New Literature From Europe: In Transit
Thursday November 14, 2013
The Center hosted a panel as part of this year's New Literature from Europe festival: In Transit. Authors Ilija Trojanow (Germany), Sabine Gruber (Austria), and Witold Szablowski (Poland) read from their work and conversed about their writing, which crosses and re-crosses international borders and deals with current and historical events in both fiction and literary non-fiction. Michael F. Moore moderated.
Germany: Author, translator, and publisher Ilija Trojanow was born in Sofia, Bulgaria, in 1965. In 1971 his family was granted political asylum in Germany. It was for his 2006 novel, Der Weltensammler [The Collector of Worlds] (2009), on British explorer and orientalist Richard Burton, that Trojanow received international attention and the Prize of the Leipzig Book Fair. Among Trojanow’s many works of reportage, non-fiction, and fiction are Angriff auf die Freiheit [Assault on freedom] (2009), co-authored with Juli Zeh, and his most recent novel, EisTau [IceMelt] (2012), in which a glaciologist named Zeno fights back against the results of global warming.
Austria: Sabine Gruber writes prose, poetry, and essays as well as audio dramas and plays. Born in Meran, Italy, she studied German literature, history, and political sciences at the Universities of Vienna and Innsbruck. Gruber lectured at the Ca' Foscari University in Venice from 1988 to 1992 and has lived and worked as a writer in Vienna since 2000. She has received several awards for her work, including the City of Vienna’s Prize for Literature, the Austrian State Funding Award for Literature, as well as the Elias Canetti Scholarship of the City of Vienna. Her recent books include Stillbach oder Die Sehnsucht (2011), Über Nacht (2007), Die Zumutung (2003), Fang oder Schweigen (2002), Aushausige (1996). Her most recent publication, Roman Elegy (2013), is her first book to be translated into English.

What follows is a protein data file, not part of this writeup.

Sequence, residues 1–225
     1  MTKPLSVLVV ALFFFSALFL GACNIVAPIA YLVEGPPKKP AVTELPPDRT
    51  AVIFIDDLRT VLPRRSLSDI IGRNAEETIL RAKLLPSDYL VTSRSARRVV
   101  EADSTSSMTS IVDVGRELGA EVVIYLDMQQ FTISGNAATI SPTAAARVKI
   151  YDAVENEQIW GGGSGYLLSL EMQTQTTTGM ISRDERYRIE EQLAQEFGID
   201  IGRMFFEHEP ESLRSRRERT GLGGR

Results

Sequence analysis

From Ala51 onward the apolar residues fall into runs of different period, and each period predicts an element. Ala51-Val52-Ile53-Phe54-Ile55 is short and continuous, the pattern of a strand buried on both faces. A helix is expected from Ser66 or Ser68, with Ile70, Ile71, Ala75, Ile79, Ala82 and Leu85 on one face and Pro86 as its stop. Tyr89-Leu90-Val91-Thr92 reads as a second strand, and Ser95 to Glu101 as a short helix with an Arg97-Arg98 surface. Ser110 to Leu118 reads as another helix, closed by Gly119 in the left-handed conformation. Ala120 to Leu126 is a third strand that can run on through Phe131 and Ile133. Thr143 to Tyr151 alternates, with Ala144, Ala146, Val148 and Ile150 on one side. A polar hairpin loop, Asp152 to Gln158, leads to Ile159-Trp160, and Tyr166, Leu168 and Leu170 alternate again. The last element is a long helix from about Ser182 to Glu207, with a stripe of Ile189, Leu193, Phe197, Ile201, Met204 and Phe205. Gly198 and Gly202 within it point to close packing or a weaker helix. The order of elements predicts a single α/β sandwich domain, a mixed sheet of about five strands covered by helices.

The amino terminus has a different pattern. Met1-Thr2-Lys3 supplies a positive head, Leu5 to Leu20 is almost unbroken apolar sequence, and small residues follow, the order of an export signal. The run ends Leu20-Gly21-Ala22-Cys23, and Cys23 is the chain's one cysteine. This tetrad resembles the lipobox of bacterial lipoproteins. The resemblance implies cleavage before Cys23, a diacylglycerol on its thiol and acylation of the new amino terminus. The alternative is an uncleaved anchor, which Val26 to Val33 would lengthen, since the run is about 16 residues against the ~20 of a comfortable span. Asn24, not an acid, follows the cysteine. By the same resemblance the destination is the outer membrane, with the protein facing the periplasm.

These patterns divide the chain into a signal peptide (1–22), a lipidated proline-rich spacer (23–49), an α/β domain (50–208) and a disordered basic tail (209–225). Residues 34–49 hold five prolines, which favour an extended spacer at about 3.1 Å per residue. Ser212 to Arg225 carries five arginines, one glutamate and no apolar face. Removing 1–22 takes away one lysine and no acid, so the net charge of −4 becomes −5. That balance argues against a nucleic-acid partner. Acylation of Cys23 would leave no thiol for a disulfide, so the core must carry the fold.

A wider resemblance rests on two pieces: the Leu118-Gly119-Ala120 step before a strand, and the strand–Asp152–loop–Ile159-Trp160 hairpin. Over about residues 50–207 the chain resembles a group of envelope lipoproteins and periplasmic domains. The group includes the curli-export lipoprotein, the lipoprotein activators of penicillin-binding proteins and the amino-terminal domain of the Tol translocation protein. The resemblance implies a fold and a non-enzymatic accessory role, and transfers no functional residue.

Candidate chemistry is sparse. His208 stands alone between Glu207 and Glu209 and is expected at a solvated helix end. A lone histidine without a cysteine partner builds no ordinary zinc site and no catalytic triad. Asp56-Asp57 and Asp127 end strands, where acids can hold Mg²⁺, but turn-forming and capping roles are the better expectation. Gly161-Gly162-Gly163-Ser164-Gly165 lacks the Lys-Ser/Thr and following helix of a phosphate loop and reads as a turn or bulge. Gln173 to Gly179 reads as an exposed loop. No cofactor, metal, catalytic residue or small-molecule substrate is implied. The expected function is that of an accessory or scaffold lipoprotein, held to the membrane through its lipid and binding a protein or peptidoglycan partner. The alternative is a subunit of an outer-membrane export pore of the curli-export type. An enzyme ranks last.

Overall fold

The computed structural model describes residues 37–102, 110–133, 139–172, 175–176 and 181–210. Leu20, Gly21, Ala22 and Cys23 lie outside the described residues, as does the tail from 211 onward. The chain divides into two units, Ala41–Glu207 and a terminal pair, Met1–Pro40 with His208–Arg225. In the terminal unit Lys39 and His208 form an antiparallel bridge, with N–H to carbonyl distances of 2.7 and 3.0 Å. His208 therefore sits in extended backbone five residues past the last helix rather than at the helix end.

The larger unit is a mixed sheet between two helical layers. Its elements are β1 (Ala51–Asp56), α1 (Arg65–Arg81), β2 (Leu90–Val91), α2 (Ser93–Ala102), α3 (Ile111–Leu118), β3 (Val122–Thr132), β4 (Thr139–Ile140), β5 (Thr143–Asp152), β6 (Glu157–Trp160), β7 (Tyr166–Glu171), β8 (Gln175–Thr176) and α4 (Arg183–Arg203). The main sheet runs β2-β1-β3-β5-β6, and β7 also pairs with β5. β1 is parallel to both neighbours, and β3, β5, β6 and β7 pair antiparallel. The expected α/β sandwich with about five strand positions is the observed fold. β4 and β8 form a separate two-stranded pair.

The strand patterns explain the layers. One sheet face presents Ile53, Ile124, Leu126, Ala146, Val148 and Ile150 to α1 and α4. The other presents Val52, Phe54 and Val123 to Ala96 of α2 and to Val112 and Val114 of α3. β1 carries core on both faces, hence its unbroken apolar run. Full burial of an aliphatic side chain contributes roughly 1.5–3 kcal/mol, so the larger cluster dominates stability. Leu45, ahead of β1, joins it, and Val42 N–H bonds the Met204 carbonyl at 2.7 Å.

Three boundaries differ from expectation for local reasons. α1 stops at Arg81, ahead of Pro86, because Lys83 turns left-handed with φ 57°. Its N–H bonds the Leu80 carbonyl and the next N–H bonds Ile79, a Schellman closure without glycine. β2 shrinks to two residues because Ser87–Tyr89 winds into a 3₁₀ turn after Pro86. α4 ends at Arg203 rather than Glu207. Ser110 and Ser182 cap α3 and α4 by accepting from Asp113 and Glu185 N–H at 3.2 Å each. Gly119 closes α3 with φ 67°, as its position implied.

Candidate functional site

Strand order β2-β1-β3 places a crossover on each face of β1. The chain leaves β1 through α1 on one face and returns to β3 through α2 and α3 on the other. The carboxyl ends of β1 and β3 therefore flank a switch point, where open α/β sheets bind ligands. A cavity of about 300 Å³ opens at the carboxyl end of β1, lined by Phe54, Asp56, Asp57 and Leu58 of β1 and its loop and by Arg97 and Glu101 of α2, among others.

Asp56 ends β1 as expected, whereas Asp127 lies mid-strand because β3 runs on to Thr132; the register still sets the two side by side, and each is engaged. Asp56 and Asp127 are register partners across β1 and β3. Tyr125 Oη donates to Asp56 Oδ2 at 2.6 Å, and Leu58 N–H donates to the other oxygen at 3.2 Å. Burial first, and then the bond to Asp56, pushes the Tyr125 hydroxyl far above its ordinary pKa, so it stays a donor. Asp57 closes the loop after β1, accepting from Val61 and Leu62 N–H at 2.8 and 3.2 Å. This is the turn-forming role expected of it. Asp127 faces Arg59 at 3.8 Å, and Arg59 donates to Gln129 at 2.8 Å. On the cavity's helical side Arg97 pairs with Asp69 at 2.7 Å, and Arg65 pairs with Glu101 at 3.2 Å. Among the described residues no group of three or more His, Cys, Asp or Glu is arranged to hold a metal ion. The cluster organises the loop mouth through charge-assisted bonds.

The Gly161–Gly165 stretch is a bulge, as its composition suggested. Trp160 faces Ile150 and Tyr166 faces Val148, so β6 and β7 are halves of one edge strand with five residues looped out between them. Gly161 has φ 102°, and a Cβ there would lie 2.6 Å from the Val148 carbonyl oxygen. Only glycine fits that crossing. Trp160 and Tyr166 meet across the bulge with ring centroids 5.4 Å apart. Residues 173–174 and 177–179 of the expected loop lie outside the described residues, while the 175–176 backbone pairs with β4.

Poland: Witold Szablowski is a journalist known for his in-depth reportage from the edges of the European Union. Before he began working for Poland's leading independent newspaper, Gazeta Wyborcza, and its longform supplement Duży Format, he worked at the TVN 24 television station and CNN Türk. A graduate of the Department of Journalism and Political Science at Warsaw University, Szabłowski has also studied Political Science in Istanbul, where he got to know Turkey inside-out. As a reporter, he incessantly asks difficult questions: he talked to the family of Ali Agca, joined forces with British Al Jazeera to prepare a program on post-communist political vetting in Poland, hitchhiked through Kosovo, and scoured Turkish bazaars tracing the story of the shoe that the Iraqi journalist Muntadar al-Zaidi threw at George W. Bush. Szabłowski has received a number of important awards for his collection of reportage from Turkey, Zabójca z miastamoreli (The Assassin From Apricot City), including a 2011 nomination for the NIKE prize, Poland's highest literary award. In 2008, he was the recipient of the Melchior Wańkowicz Award for "drawing upon the best models of reportage, and showcasing the unknown face of Turkey". In the same year, his report on Turkish honor killings, "To z miłości, siostro" ("It's Out of Love, Sister"), received an honorary mention at the Amnesty International competition for articles concerning human rights. In 2010, Szabłowski received the European Parliament Journalism Award for his reportage "Dziśprzypłynątudwatrupy" ("Today Two Bodies Will Wash Ashore") on the issue of immigrants trying to illegally enter the European Union through the "purgatory of Istanbul." More recently, he published, with Izabela Meyza, Naszmały PRL (Our Little Polish People's Republic: Six Months in a Three-room Apartment with a Perm, a Moustache, and a Polish Fiat), a book on an experiment he conducted with his partner, attempting to live as their family did under Communism.
Moderator: Michael Moore is a scholar and translator of Italian literature. His most recent translations include Live Bait, but Fabio Genovesi (Other Press, 2014), The Drowned and the Saved by Primo Levi (Norton, 2014), and Agostino by Alberto Moravia (NYRB, 2014). He has also translated three novels by Erri De Luca. Chair of the PEN/Heim Translation Fund and former Chair of the PEN Translation Committee, he received his Ph.D. in Italian from New York University and is a professional interpreter.
Photo Credit for Sabine Gruber: Karl-Heinz Ströhle. Photo Credit for Witold Szablowski: Albert Zawada-Agencja Gazeta.